Researchers here provide evidence from human blood samples that supports a role for vascular inflammation in age-related neurodegeneration. It is becoming clear that a great deal of tissue-specific information can be harvested from extracellular vesicles present in the bloodstream, if their contents were only better mapped and understood. The research community is still quite early in the process of establishing the necessary knowledge, but proof of concept demonstrations such as the study noted here are now emerging on a regular basis.
Cerebrovascular disease and the associated blood-brain barrier (BBB) dysfunction are intimately associated with immune activation and among the most common age-associated, inflammation-mediated, degenerative brain changes. Vascular pathways are emerging as an important contributor to neurodegenerative disorders. Importantly, immuno-vascular dysregulation can cause pathology in early disease states, prior to frank brain degeneration and clinical manifestations such as mild cognitive impairment. More recently, molecular pathways are emerging to suggest a feed-forward degenerative-inflammatory phenomenon between endothelial cells, innate immune activation, and degenerative myelin debris. Therefore, identification of molecular biomarkers of immuno-vascular disease in preclinical states has important therapeutic implications for extension of health span, treatment of vascular cognitive impairment.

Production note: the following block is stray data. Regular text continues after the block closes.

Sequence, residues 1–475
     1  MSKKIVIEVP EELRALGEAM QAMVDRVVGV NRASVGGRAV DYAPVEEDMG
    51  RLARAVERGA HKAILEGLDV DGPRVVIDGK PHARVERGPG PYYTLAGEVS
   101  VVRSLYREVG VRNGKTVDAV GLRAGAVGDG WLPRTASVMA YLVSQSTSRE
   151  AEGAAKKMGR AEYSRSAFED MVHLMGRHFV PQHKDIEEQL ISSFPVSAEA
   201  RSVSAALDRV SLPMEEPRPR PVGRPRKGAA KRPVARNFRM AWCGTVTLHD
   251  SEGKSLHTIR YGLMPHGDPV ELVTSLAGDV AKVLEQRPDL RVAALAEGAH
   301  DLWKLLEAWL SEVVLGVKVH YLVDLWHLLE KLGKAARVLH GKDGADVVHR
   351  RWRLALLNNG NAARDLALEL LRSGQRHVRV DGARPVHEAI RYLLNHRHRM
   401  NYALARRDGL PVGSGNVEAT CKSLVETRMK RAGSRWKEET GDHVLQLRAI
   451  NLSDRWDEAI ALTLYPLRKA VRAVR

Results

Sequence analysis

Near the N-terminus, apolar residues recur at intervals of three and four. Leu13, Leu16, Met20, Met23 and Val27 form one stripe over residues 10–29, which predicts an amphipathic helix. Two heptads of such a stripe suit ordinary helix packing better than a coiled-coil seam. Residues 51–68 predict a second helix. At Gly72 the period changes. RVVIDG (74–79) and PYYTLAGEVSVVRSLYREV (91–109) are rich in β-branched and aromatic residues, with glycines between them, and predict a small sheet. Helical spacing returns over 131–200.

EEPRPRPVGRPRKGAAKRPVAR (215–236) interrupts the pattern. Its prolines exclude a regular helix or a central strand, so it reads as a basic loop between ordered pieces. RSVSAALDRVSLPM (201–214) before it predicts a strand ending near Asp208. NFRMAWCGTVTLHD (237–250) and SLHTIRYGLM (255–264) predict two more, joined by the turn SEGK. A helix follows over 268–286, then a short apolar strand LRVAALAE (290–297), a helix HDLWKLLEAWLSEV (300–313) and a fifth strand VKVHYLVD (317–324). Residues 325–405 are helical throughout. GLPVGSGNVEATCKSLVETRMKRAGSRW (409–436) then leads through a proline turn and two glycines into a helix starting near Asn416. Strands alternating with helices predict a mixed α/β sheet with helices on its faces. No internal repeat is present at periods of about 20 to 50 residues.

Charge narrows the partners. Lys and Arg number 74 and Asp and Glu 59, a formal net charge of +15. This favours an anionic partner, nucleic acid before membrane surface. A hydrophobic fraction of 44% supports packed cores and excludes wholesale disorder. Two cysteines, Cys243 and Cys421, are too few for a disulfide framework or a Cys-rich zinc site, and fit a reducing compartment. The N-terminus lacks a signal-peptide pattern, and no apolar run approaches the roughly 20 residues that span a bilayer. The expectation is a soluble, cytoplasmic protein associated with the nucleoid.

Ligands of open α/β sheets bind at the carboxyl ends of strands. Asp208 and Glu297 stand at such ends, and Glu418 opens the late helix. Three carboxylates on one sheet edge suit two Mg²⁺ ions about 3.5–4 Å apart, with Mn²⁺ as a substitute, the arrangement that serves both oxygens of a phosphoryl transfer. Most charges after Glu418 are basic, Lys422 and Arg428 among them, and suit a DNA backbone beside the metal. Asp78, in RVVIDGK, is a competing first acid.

We test the hypothesis that endothelial cells adopt an inflammatory phenotype in functionally intact aged human subjects with radiographic evidence of white matter hyperintensity (WMH) suggestive of small cerebrovascular disease. Components of all three complement effector pathways and regulatory proteins were quantified in extracts of plasma endothelial-derived exosomes (EDE) of 11 subjects (age 70-82) with and 15 without evidence of WMH on MRI. Group differences and associations with plasma markers of immune activation (IL6, ICAM1), cognition, and neuroimaging were calculated via regression modelling.
EDE complement factors within the alternative and classical pathways were found to be higher and regulatory proteins lower in subjects with WMH. EDE levels of some complement components demonstrated significant associations with cognitive slowing and elevated systolic blood pressure. The inhibitor of the membrane attack complex, CD46, showed a significant positive association with cerebral grey matter volume. Plasma inflammatory markers, IL6 and ICAM1, were positively associated with EDE levels of several complement components.
These findings provide the first in vivo evidence of the association of endothelial cell inflammation with white matter disease, age-associated cognitive changes, and brain degeneration in functionally normal older individuals. Future endothelial biomarker development may permit recognition of early or preclinical stages of vascular contributions to cognitive impairment and dementia.